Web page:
In some environments, untitled managers will need to claim credit for some work others do for them, and in environments where work is only credited to the person assigned, they may have no readily available option to give credit appropriately.

  • Some work vampires couch their requests for assistance as requests to be trained how to do this task. The training will take longer than just doing the task. But they won't learn, and they'll be back for more later. It'll go just as slowly the next time.

    Untitled managers are much more interested in passing the work off to someone who will do it, and getting on to some other task.

  • A team with a work vampire will be less productive overall than they were without the person. After we fired the first obvious work vampire I encountered in my career, the three people most impacted at least doubled their productivity and everyone on the team was measurably more productive.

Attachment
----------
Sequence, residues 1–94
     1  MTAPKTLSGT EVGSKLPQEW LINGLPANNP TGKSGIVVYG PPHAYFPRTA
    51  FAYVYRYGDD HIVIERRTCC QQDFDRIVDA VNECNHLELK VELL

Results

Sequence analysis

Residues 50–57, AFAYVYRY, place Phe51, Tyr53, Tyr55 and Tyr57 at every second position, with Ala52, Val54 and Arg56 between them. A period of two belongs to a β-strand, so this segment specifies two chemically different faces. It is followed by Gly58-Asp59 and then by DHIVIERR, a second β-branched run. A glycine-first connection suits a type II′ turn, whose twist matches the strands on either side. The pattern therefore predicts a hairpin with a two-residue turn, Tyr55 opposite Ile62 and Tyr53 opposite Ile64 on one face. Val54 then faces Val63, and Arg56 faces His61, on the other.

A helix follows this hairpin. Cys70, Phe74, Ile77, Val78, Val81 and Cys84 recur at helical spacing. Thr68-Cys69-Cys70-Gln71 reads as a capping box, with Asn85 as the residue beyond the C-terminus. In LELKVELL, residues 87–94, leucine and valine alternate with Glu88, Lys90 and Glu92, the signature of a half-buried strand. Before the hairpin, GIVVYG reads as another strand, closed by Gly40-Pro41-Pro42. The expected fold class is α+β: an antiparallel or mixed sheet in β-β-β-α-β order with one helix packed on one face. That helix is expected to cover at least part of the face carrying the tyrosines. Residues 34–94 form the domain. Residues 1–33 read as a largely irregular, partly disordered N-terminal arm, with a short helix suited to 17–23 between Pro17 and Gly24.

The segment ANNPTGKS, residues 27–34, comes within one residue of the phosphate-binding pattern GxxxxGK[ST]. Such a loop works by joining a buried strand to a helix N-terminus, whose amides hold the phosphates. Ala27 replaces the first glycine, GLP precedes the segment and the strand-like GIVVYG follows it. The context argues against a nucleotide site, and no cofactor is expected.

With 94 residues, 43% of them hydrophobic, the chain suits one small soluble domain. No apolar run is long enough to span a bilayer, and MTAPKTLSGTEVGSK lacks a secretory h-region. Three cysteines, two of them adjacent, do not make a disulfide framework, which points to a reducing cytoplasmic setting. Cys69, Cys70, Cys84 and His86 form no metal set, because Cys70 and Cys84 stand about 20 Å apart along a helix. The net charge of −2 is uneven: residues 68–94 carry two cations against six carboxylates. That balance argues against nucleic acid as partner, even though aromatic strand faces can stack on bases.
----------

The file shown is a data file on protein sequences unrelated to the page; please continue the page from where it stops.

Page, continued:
A team with an untitled manager will overall be more productive than without the added guidance.

  • Either sort of employee may be willing to work broker, if there's someone else who can do the other task better. "I'll do this thing for me if you take this other thing I need to do off my plate." If it's a work-vampire, the traded task will never get done. An untitled manager will make sure it gets handled by someone who can do it, if it needs to get done.


You should understand the source of the problem.

And as much as she is the source, the manager is the source of the problem as well; because it's managers job to ensure that such things don't happen, and if they do, that they're stopped.

If talking to the manager is useless - because he's always traveling or because of any other reason - well, that shows you something.

So, then your question becomes the old question of "Company I work for sucks; what do I do?". And the only realistic answer to that is "find another job".

They're not going to change. The rot starts from the top. Leave the company to the consequences of its actions; you should move on.